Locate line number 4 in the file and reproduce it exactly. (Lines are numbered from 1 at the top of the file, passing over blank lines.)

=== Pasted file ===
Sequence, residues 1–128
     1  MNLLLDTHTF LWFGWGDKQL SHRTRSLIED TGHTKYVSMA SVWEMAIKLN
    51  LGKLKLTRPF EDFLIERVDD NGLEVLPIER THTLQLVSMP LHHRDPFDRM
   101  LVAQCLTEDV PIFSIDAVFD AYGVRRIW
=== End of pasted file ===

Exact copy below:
   101  LVAQCLTEDV PIFSIDAVFD AYGVRRIW